Thursday, November 12, 2009

The loudest noise in this Minute Rice ad comes from the electric copy


If you need to write an ad with loads of copy, Minute Rice can help.

It's nice to see Minute Rice bringing back long copy in its print ads - Ogilvy style! - by framing the product with a list of hundreds of things that take up time in the day, including: "change a diaper, RSVP for party, practice public speaking, and clean crayon drawing of "Mommy" off wall."

Its simple message in red typeface: "We can help." The Minute Rice website address also appears in red typeface at the bottom of the page.

Of course, ad guru David Ogilvy (not one, but two shout-outs on Mad Men this year) was a fan of long copy; he said the best headline he ever wrote was this very long one for Rolls-Royce: "At 60 miles an hour, the loudest noise in this new Rolls-Royce comes from the electric clock."

His argument: it's so rare for someone to actually read anything in your ad, you might as well reward the few who do with copy that actually tells them something and makes them say, "I didn't know that!"

While this ad does the former and probably not the latter, I like that you can read it in a minute, or for 20 minutes, and the message still works.

And now, gotta get back to changing the diaper and cleaning the crayon drawing of Mommy off the wall - though I'm not sure why, since I don't have any kids.


  1. I like this ad. It's a little more focused than another execution from a while back. Kenton, you'll probably remember that double page Infiniti ad that ran in the Globe a couple of times with the endless copy in the background. It was like a never-ending stream of consciousness, but it still drew you in.

    Long copy is wonderful! I've always thought that Ogilvy's beliefs regarding long copy are dead on. As long as it's interesting, people will give it their attention. And let us not forget Gossage's opinion that people read what interests them, and sometimes it's advertising.

    A well crafted message will draw people in, even if its long. Now if only we could find a way to make people read newspapers and magazines again...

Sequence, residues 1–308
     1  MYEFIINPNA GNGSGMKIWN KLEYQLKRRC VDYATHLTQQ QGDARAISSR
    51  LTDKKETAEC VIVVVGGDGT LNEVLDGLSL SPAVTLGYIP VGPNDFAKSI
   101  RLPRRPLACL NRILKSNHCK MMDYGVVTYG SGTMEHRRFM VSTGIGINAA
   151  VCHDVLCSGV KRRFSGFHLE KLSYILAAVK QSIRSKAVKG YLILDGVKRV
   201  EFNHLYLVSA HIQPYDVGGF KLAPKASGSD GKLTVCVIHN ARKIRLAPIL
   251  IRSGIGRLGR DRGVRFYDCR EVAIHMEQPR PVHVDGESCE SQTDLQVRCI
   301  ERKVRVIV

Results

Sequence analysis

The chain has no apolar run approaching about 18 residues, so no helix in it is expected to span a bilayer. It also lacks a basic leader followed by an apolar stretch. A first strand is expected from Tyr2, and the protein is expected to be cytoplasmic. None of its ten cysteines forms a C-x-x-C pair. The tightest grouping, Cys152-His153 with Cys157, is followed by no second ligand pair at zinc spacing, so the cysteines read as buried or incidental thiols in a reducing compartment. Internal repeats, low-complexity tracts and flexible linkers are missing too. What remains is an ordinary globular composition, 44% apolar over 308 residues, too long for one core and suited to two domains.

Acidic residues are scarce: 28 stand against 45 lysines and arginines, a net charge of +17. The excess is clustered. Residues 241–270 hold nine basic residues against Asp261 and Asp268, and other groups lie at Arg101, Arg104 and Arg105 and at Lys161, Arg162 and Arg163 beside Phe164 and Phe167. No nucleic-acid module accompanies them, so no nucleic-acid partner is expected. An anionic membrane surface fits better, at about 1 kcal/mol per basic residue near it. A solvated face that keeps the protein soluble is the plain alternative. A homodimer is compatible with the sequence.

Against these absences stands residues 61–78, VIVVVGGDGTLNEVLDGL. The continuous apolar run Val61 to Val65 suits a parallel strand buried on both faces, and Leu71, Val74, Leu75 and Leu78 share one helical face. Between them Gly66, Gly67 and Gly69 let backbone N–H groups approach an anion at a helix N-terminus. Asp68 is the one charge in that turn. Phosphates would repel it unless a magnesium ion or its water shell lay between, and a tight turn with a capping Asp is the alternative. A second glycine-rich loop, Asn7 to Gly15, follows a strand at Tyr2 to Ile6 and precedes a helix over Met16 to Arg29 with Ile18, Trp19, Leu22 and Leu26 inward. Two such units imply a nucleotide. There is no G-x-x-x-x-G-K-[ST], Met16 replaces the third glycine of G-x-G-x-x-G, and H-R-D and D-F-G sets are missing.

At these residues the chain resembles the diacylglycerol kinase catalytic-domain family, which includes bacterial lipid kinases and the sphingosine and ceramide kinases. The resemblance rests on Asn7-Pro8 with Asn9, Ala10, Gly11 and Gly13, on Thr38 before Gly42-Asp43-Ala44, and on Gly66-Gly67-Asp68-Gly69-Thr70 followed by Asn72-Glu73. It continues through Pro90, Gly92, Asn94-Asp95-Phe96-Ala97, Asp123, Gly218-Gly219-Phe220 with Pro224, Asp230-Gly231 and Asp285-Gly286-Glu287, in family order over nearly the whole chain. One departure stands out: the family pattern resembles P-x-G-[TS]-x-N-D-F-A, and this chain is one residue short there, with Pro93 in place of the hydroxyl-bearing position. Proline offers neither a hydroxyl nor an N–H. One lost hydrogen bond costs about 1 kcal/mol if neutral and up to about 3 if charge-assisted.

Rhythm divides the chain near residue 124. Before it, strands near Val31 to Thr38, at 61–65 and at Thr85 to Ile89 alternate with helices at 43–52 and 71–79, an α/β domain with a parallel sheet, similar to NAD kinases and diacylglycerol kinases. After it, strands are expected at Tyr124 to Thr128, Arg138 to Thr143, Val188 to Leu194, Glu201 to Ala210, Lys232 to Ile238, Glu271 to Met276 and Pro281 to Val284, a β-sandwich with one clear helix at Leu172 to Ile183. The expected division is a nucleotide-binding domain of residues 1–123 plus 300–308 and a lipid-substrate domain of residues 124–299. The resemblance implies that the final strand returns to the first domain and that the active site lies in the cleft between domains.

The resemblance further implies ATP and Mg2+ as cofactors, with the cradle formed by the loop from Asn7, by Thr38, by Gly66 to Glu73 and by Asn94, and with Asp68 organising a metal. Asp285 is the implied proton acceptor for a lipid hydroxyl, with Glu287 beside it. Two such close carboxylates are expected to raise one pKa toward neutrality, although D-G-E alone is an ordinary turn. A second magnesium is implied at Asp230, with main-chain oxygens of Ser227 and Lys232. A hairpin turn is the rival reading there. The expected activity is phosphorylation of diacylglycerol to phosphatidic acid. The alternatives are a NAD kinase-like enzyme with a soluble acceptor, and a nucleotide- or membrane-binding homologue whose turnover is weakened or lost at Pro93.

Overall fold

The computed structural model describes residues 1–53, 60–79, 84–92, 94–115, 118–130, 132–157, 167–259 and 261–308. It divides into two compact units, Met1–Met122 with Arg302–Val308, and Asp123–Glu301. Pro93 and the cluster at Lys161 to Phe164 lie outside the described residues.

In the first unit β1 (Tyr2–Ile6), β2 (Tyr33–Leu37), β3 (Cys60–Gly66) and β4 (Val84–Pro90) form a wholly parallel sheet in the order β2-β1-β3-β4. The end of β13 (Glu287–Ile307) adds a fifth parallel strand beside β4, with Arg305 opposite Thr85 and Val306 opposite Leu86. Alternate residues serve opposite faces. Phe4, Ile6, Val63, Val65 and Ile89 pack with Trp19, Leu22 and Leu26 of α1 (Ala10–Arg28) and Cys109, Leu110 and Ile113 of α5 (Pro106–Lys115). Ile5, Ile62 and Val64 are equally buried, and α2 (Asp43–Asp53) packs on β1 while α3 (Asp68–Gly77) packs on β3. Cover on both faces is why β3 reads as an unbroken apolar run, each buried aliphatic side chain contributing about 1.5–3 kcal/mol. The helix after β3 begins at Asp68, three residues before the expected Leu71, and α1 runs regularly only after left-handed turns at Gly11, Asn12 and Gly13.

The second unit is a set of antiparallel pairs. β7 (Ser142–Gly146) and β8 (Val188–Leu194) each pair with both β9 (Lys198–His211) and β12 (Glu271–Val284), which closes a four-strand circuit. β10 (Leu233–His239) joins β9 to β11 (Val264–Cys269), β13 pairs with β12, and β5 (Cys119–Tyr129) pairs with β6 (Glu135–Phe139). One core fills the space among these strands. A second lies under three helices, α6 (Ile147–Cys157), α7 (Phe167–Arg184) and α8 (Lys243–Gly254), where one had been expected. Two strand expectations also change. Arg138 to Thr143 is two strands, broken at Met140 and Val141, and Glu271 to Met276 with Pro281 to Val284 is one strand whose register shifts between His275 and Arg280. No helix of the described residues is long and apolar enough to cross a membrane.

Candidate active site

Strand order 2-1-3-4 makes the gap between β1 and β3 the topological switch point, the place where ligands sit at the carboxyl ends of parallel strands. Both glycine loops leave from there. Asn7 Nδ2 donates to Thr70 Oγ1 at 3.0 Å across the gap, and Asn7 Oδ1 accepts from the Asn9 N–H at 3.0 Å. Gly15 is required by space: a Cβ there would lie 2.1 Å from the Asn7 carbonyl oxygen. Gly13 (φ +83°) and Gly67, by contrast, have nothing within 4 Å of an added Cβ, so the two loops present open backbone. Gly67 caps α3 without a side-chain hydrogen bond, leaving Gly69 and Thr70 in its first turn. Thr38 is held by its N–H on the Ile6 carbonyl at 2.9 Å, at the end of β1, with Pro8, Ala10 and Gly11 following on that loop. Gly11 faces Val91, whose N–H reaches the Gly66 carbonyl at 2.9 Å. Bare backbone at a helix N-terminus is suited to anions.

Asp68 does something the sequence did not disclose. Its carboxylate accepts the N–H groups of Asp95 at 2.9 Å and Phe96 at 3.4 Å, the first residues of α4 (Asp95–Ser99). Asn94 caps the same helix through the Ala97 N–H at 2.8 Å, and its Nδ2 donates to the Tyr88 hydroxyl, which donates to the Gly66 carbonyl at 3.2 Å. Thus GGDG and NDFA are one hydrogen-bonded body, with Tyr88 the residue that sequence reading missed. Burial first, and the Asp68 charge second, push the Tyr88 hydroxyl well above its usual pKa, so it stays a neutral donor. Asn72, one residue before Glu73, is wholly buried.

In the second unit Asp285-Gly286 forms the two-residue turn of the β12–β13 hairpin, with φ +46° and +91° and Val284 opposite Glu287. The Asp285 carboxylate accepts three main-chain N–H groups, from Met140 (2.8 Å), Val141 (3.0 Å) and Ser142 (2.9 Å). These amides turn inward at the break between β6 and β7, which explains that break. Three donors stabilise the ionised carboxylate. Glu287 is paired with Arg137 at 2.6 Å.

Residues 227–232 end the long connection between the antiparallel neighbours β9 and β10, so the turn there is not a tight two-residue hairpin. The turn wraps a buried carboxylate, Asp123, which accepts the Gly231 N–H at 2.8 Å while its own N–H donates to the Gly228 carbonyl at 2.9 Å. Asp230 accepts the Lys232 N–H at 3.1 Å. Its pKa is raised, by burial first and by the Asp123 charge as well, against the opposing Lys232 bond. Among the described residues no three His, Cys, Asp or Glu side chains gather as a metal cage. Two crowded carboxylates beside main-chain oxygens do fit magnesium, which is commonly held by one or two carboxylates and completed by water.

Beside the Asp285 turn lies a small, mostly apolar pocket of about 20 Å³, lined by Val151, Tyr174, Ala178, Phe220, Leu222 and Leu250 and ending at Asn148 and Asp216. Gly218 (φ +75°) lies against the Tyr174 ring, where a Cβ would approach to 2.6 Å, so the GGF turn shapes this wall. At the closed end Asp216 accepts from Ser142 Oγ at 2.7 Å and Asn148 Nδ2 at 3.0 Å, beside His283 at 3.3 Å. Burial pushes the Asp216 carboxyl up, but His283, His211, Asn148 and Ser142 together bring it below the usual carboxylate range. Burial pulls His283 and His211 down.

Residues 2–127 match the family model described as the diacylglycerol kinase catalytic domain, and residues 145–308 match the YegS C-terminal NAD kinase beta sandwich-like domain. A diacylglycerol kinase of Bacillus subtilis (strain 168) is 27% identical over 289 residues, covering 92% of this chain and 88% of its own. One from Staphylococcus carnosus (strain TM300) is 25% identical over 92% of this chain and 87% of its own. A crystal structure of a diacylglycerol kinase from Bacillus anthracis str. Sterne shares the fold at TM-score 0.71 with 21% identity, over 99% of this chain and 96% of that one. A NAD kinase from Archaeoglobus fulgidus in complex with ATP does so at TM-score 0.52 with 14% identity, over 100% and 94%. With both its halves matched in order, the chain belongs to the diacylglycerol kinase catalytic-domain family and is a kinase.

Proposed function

2. I concur!

    You're right: the trick is getting people to read in the first place. It's getting tougher and tougher...

  3. I guess that raises the question- would people read a long copy ad online? Online ads are so geared towards our highly stimulated, multi-tasking, ADD suffering attention spans that you have to wonder if people would stop to read a long copy ad if they came upon one.

    Although, online reading is very different visually from print (scrolling is a big part), so the long copy would have to work within that framework first and foremost.

  4. I always think that long copy attracts readers, just because it looks like there's something interesting there.

    With a "blank" ad, you get the feeling you've seen it all and flip the page faster. At least I do!

    I'm always surprised by the number of copywriters who tell me, "You don't need copy in an ad anymore."

    Uh, OK, why don't you just quit, then, and I'll hire a graphic designer?

    Ironically, the online ads that work are the text-based ones in Google - not the most beautiful things in the world, but Google is making billions a year pennies at a time. Genius.

  5. Actually, the Google AdWords are no longer going for pennies per click. When I was running a campaign for MTS in April, the average click cost almost a dollar! Because it works on a "bidding" system, the more people who are bidding on any given search term, the higher the price is. Wha used to cost 15 cents two years ago is now going for 89 cents because of the increase in demand. Now that's brilliant.

    BUT, I will add that these ads do not use Ogilvy-style long copy at all. In fact, yo8u have a 25-character limit per line. The reason they work so well is because they are so short. I'v never been a fan of long copy. If you can't sum up what the ad is about in a few lines, then I'm not reading it!

  6. Ahh, but look at it from the other side of the equation Dan- if you can keep them interested for more than a few seconds, you've done a pretty good job with your copy.

    Even a short concise ad should create an interest in the consumer to get more information. The copy in the ad might be short but there still has to be a long copy execution somewhere (online, brochure, etc...) for people to learn more.

  7. You're right about Google AdWords, Dan. It just sounds more inspirational to say, "Billions of dollars at pennies a click!"

    But the ads are still ugly - I'm surprised it works!

    On a related note, I just earned my first $10 on my ugly AdSense ad on the side of my blog. Who would click on that sad-looking thing?

  8. Wow! I never really noticed that silly little Google ad there, Kenton. It's completely missed in the endless sea of blogrolls.

    I shall continue to keep my blog advertising-free (in a sense). I hate the tacky nature of the Google AdWords function. It just cheapens the look of the blog.

    Now if I could latch onto some sort of third-party endorsement deal...

  9. It looks terrible alright. And it is hidden. So how did I earn $10?! Anyone?


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